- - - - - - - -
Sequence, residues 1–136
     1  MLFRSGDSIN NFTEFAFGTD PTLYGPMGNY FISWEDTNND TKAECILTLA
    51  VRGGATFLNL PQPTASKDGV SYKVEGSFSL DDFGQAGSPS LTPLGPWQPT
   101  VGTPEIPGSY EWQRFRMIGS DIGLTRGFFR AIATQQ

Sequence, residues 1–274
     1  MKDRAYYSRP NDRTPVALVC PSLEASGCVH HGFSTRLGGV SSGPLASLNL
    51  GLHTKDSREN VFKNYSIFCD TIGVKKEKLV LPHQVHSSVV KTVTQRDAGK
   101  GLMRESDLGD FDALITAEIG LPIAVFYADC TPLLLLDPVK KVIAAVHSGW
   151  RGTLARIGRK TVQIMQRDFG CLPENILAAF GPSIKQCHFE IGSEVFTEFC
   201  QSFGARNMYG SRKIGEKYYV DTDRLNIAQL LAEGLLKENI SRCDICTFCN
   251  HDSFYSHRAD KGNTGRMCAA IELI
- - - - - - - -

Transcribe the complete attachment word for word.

Sequence, residues 1–136
     1  MLFRSGDSIN NFTEFAFGTD PTLYGPMGNY FISWEDTNND TKAECILTLA
    51  VRGGATFLNL PQPTASKDGV SYKVEGSFSL DDFGQAGSPS LTPLGPWQPT
   101  VGTPEIPGSY EWQRFRMIGS DIGLTRGFFR AIATQQ

Sequence, residues 1–274
     1  MKDRAYYSRP NDRTPVALVC PSLEASGCVH HGFSTRLGGV SSGPLASLNL
    51  GLHTKDSREN VFKNYSIFCD TIGVKKEKLV LPHQVHSSVV KTVTQRDAGK
   101  GLMRESDLGD FDALITAEIG LPIAVFYADC TPLLLLDPVK KVIAAVHSGW
   151  RGTLARIGRK TVQIMQRDFG CLPENILAAF GPSIKQCHFE IGSEVFTEFC
   201  QSFGARNMYG SRKIGEKYYV DTDRLNIAQL LAEGLLKENI SRCDICTFCN
   251  HDSFYSHRAD KGNTGRMCAA IELI